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The Merlin Bird - Reason and Rhyme CD (album) cover


The Merlin Bird

Prog Folk

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4 stars The Merlin Bird are an Australian band I have been aware of for some time, but I had actually thought they were rejected so it's nice to see them arrive here on PA.

So far this is their only release, 17 minutes of charming, melodic folk music. The music is largely vocally driven, but there is a good variety of vocalists carrying this torch, including multiple male and female vocalists. The opening track, for example, is carried forward by the lead male vocals and the drumming, but swirling layers of female vocals behind it give it great character.

I discovered these guys because of their opening and closing tracks (Rhyme to Reason and Reason to Rhyme, respectively), which were included on the CD in an issue of Classic Rock Presents Prog. But the entire album is up to the quality these tracks hinted at, with lush arrangements and lovely, melodic music. The frail female vocals in "Father of all Storms", singing "All will be well, I know somehow all will be well" are a particular emotional highlight.

The only downside is that, being an EP, this album will be over long before you are ready for it to end. I know that for me, it definitely got many back-to-back listens for this reason! Let's hope that the band is able to complete their next record soon.

Report this review (#600508)
Posted Saturday, December 31, 2011 | Review Permalink
Honorary Collaborator
3 stars The Merlin Bird started basically as a duo in Melbourne, Australia.Keyboardist and singer Geoff Dawes and drummer Dan Maloney were the headquarters of this project, but their first work would be finished with the help of female singer Shakira Searle, guitarist Dave O'Toole and bassist Dylan Stevenson.It would be the short EP ''Reason and rhyme'', released in 2003, mainly as a digital download with a few supporting CD copies.

The most impressive thing about this first effort is actually the most important one: Great and consistent songwriting.The Merlin Bird's style follows the colors of IONA's music and the ingredients of this excellent EP are mixed almost with perfection.Beautiful vocals, both based on lyrics and wordless chants, smooth acoustic textures and ethereal Celtic-inspired tunes.These would be supported by some melodic electric guitars and a fair amount of background keyboards, eventually creating majestic and cinematic soundscapes.As no other instruments are used, traditional echoes from bagpipes and harps are delivered through the keyboard equipment, having a decent, natural sound.MIKE OLDFIELD is also another name to spring to mind, listening to this album.The romantic electroacoustic changes, the discreet use of piano and the grandiose, Folk-flavored textures are offered with sincere passion and sensitivity, complemented by some of the best vocal melodies you can listen to.This is an album based on nostalgic atmospheres with enough elaborate and cleverly composed stuff to regard it as progressive.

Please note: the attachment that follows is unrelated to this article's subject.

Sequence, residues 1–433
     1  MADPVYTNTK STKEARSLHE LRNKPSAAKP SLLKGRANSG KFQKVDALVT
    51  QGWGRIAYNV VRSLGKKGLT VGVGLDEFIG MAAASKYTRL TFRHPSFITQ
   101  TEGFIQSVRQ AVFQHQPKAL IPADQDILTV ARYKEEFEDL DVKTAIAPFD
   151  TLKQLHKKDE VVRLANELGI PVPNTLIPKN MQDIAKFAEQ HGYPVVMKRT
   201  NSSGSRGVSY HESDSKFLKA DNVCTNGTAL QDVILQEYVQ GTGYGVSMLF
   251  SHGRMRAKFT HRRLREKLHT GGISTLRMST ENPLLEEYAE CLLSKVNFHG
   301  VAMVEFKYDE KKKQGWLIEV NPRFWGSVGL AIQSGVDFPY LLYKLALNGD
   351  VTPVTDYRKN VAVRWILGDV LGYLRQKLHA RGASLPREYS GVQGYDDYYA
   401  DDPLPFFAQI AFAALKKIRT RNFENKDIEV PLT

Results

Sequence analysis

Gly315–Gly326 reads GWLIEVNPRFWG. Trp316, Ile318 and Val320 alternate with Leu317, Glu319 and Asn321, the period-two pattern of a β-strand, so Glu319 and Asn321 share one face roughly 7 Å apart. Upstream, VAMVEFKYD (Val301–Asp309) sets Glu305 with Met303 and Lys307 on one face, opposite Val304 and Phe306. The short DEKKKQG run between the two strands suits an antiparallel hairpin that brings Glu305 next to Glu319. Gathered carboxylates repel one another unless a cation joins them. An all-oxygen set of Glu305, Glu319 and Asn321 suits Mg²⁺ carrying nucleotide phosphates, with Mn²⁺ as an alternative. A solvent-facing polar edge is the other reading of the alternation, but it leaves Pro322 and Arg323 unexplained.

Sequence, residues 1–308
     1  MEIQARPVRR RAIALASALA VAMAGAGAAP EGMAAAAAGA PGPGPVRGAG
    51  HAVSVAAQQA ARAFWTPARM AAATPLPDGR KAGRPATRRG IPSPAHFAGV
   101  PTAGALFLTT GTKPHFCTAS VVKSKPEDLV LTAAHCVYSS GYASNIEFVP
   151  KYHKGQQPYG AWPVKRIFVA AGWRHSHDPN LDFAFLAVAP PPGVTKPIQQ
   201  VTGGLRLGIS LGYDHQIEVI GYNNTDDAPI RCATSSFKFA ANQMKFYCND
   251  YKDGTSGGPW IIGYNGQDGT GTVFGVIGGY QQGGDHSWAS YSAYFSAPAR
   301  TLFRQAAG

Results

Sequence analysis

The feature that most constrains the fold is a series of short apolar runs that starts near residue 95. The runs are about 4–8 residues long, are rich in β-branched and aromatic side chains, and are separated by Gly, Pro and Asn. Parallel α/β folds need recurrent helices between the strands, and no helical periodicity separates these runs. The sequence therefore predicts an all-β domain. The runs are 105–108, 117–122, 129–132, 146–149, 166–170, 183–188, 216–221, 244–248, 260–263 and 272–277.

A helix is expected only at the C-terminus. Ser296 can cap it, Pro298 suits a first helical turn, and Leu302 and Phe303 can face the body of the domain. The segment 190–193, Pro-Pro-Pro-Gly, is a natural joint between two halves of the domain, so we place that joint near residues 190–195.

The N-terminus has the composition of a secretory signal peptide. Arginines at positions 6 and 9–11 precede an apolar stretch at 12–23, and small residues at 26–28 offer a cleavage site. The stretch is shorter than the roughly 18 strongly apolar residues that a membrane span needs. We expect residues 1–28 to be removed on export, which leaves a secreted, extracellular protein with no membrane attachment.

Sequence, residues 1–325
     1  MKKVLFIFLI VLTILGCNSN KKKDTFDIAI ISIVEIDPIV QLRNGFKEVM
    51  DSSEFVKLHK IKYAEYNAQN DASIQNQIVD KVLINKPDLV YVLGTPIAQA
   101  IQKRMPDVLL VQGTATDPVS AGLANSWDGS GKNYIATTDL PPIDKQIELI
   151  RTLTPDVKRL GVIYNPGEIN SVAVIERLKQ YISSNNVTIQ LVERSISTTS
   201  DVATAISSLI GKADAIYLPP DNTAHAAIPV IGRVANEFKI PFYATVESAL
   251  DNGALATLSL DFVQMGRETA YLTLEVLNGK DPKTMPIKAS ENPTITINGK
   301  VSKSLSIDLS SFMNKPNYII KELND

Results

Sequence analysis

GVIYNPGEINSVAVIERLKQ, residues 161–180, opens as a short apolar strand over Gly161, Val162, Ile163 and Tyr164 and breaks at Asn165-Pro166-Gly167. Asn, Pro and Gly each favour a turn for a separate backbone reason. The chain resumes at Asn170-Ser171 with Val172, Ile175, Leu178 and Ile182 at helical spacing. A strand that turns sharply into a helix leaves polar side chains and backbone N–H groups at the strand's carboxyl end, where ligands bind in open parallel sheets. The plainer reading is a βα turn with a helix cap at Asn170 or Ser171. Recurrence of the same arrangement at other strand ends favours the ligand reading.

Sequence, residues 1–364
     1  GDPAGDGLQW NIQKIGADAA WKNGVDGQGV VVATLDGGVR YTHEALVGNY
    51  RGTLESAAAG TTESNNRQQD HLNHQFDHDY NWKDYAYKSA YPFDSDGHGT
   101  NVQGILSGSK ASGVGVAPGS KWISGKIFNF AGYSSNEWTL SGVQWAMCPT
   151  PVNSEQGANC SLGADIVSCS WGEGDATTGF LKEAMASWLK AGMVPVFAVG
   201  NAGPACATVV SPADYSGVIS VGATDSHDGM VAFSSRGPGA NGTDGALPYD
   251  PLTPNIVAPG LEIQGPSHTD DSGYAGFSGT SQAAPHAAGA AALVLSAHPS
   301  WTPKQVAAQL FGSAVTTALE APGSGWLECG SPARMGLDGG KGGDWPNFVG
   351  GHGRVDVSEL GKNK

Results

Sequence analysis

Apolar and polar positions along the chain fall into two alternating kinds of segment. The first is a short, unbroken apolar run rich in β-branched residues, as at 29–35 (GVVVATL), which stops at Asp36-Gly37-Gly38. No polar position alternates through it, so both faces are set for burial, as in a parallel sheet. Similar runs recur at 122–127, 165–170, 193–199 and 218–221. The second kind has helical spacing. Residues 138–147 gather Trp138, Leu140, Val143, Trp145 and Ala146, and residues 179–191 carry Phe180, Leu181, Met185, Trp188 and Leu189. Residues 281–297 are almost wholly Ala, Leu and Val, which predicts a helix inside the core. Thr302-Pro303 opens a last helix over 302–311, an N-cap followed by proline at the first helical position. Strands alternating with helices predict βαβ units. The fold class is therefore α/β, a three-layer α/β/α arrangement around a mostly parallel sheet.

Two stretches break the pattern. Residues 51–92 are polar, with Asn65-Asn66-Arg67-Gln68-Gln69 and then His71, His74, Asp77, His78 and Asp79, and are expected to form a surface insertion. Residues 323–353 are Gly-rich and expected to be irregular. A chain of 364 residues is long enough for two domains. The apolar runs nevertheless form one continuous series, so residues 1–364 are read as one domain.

Clocking at only 17 minutes, ''Reason and rhyme'' can do nothing else than leave the listener wanting for more.Amazing Neo Prog/Folk with the only negative factor being its extremely short length.Strongly recommended...3.5 stars.

Report this review (#1172669)
Posted Thursday, May 8, 2014 | Review Permalink
Prog-Folk Team
4 stars I don't even know if this group plays Christian rock, and the title of their recently released first full length album implies such, but this all too short EP from some years back evokes a sense of wonder and awe that one would expect to find more in popular devotional music. From the lush production to the harmonious vocals to the Olde English styled melodies, this is a true delight from down under. They bring to mind FARPOINT from the Southern USA but their male and female vox are less at odds, and they radiate a much more united stylistic vision.

Here we have basically three short tracks interspersed with tracks, such that one barely stumbles into the glade before getting spun back out onto the sidelines. The opening of "Rhyme to Reason" eerily recalls early MOODY BLUES psychedelia, but MERLIN BIRD is able to wed this ethereal quality to earthiness with breathless verses and hypnotically rhythmic acoustic textures. A well placed lead guitar interlude ups the progressive rock ante. Still, the EP really crests on "The Father of Storms", a dignified ode to natural and human unpredictability as the pure source of their beauty. Those who enjoy earth centered music will willingly acquiesce.

It took a number of listens for me to realize just how short changed I feel, but I'm glad to have discovered "The Merlin Bird" now at a time when the band/duo has actually issued a proper release called "Chapter and Verse". Reasons to be cheerful.

Report this review (#1177077)
Posted Sunday, May 18, 2014 | Review Permalink

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